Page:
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Already off to a fast start in 2013, the George W. Bush Institute proudly announces that three new Fellows have joined the mission of advancing freedom and expanding opportunities for individuals through education reform.

“We welcome these new Fellows to the Bush Institute with much excitement because they come here with new ideas and proven records of shaking up the status quo in education,” said Dr. James K. Glassman, founding Executive Director of the George W. Bush Institute. “At the Bush Institute, we begin with smart people and good ideas, and we push forward to action and results.” 

Focusing on leadership in public schools and driving greater emphasis on the critical learning period of middle school, the three new Fellows bring varied backgrounds to the task of reforming public schools in America.

Jacquelyn Davis joins the Bush Institute as a Fellow in the Alliance to Reform Education Leadership. As the founder and leader of ED-Volution Education Group, she has worked with leading sector entrepreneurs and philanthropies on strategy; new initiative design; partnership creation; growth and launch; management; school turnaround; charter management; state, city and district redesign; and human capital with special focus on school leadership. Davis launched and led the Washington, D.C., program of New Leaders, a national nonprofit that attracts, prepares and supports outstanding school leaders. She grew the program to serve over 20 percent of the city’s public and charter schools.  Ms. Davis also co-founded Thurgood Marshall Academy Public Charter High School in D.C.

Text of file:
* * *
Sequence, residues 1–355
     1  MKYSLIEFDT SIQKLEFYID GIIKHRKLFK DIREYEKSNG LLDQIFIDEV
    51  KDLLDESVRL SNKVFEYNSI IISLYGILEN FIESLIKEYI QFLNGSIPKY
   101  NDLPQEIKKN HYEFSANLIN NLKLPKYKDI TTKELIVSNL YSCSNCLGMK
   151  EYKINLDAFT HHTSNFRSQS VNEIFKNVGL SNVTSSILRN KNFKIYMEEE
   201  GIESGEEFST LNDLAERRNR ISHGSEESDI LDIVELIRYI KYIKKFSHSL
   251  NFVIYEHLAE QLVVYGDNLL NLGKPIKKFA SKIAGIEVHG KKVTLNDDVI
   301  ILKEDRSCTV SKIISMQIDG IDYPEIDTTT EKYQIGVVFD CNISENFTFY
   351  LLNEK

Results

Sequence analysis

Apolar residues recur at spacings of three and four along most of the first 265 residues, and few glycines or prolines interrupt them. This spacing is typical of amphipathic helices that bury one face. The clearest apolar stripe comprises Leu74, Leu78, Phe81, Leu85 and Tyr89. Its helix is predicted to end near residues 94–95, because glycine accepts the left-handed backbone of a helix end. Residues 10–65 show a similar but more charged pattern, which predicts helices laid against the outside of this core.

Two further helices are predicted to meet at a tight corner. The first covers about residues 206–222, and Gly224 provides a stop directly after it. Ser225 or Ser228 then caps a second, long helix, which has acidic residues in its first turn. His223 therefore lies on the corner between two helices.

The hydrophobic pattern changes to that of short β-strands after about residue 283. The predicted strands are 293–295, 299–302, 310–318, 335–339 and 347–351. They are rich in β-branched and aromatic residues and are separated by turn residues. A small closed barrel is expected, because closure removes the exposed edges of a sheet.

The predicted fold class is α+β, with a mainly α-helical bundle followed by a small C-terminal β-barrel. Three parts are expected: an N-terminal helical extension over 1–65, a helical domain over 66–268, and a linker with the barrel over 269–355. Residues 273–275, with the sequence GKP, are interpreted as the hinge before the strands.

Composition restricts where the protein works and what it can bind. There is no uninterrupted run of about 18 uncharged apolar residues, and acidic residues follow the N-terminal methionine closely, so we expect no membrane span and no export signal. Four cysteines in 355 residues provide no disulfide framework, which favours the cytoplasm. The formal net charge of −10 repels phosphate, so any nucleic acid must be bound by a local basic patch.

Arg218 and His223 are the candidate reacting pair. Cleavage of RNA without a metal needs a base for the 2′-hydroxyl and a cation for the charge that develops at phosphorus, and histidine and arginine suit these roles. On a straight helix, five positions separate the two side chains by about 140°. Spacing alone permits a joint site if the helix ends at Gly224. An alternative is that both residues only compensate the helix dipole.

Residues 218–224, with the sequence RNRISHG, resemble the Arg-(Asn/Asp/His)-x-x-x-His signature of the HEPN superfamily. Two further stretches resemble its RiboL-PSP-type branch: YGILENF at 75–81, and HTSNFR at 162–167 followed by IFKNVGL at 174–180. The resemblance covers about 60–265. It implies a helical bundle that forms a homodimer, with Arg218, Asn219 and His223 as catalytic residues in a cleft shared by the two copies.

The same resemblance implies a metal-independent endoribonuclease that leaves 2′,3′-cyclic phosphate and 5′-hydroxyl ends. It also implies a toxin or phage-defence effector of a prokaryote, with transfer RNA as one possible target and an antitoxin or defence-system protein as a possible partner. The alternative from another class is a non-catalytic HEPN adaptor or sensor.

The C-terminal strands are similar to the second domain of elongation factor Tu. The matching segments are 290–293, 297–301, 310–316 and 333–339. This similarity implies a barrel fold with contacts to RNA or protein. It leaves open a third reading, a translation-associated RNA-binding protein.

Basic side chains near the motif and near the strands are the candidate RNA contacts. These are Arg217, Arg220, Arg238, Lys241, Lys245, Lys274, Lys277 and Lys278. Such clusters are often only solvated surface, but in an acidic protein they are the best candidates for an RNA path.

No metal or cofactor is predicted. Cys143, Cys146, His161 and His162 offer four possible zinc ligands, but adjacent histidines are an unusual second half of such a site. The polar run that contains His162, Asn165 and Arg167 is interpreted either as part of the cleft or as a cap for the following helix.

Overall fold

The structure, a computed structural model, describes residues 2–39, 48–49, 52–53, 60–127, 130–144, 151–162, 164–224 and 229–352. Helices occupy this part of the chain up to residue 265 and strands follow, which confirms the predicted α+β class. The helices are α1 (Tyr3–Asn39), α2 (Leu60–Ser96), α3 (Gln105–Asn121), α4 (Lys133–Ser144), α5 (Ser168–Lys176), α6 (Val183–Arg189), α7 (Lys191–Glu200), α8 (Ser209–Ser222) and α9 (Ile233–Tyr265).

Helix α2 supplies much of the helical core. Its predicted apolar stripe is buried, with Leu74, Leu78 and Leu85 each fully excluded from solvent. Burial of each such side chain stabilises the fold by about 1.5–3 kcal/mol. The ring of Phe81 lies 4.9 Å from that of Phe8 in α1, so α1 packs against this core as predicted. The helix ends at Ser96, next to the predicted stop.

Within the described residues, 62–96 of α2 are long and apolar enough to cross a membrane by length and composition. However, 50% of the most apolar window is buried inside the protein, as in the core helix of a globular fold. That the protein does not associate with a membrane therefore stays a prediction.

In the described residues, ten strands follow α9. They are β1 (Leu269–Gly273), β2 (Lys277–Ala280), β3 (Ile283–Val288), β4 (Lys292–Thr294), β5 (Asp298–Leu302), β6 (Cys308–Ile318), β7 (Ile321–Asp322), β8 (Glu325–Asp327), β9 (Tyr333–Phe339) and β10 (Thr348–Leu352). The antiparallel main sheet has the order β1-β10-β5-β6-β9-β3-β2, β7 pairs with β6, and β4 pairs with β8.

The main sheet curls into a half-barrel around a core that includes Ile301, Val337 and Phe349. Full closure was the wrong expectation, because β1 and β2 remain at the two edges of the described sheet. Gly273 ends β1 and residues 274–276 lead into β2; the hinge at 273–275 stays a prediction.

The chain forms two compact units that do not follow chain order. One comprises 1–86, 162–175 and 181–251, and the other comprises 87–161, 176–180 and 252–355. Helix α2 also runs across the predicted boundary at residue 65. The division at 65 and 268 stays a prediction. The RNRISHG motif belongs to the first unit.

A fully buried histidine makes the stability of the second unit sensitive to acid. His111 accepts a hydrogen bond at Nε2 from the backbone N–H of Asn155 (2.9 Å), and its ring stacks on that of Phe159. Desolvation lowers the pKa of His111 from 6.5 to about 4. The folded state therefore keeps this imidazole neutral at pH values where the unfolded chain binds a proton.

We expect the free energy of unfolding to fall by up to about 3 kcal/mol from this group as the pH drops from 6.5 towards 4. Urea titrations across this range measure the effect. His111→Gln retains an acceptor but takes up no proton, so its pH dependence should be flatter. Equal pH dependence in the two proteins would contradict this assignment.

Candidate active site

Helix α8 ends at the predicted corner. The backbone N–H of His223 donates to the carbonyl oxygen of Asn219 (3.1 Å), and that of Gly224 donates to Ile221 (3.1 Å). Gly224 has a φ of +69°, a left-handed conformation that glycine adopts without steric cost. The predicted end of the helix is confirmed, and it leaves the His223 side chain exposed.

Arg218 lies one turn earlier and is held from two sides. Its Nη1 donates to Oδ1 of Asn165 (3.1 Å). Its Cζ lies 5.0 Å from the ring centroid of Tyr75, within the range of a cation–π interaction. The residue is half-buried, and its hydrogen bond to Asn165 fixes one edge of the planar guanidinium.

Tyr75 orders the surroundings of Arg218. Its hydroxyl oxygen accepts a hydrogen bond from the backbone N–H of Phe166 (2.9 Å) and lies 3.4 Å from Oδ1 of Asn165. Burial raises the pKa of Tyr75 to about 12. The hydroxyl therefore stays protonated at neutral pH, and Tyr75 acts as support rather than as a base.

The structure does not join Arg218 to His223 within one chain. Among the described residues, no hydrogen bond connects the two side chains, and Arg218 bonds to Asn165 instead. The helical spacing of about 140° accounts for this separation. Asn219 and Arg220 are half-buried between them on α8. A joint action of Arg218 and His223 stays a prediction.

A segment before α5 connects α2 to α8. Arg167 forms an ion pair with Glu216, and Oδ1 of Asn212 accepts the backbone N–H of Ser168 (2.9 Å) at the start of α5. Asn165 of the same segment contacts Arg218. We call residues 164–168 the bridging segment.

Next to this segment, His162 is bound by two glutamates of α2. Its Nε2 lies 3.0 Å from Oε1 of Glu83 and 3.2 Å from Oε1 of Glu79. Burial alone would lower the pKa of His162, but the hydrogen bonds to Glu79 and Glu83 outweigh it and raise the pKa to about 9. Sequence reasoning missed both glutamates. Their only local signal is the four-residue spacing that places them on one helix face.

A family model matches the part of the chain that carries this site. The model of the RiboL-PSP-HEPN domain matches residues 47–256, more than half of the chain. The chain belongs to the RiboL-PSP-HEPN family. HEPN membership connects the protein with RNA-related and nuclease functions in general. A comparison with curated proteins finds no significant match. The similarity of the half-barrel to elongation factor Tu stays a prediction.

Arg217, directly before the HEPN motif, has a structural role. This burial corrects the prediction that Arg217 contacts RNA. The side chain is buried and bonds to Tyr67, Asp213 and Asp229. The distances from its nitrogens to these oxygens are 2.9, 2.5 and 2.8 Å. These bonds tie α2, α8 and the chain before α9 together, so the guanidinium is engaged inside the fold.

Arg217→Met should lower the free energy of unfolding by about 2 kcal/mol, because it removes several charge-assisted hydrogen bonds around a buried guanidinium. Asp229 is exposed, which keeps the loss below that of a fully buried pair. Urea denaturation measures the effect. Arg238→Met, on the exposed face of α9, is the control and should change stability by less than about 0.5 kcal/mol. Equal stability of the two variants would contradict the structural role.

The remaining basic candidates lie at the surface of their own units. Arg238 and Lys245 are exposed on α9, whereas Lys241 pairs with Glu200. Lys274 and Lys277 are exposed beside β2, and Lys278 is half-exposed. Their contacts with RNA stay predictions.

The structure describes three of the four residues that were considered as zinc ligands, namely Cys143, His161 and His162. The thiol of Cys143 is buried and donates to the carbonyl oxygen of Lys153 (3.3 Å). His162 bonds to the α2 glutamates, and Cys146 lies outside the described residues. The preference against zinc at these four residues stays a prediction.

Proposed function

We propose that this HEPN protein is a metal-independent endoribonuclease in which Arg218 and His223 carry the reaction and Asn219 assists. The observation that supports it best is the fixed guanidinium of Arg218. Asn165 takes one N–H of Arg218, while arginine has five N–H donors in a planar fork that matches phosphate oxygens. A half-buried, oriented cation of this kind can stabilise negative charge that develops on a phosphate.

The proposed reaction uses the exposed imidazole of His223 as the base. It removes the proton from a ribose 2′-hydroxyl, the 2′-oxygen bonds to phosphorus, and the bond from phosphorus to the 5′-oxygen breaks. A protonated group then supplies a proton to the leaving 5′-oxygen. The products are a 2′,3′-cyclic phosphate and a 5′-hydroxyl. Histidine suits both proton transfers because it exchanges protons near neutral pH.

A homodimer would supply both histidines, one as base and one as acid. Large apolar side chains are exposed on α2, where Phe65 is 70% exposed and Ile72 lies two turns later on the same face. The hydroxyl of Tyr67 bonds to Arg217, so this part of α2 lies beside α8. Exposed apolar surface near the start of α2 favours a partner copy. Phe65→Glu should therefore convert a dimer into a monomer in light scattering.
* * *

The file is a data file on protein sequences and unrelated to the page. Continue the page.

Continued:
Dr. Robert Balfanz joins the Bush Institute as a Fellow in the Middle School Matters program. Dr. Balfanz is a research professor at Johns Hopkins University School of Education, where he is also co-director of the Talent Development Secondary reform model, co-director of the Everyone Graduates Center, and co-operator of Baltimore Talent Development High School. He is a leader and a co-founder of Diplomas Now, an evidence based school transformation model for high needs middle and high schools which combines whole school reform with enhanced student supports, guided by an early warning system. He has published widely on secondary school reform, high school dropouts, early warning systems, school climate, and instructional interventions in high-poverty schools.

Dr. Sharon Vaughn joins the Bush Institute as a Fellow in the Middle School Matters program. Dr. Vaughn is currently the H. E. Hartfelder/Southland Corp. Regents Chair in Human Development and the Executive Director of The Meadows Center for Preventing Educational Risk at the University of Texas at Austin. She is the recipient of the American Educational Research Association’s Special Interest Group distinguished researcher award and the University of Texas Distinguished faculty award. She has authored more than 15 books and 250 articles and is Principal Investigator on several research grants.

“Every day we learn more about what works in schools, and the calls grow stronger for accountability, quality leadership and proven best practices,” said Dr. Kerri Briggs, Director of Education Reform at the Bush Institute. “These new Fellows understand those challenges and bring new dimensions of experience and passion for ensuring every child has an opportunity to learn and a chance at a bright future.”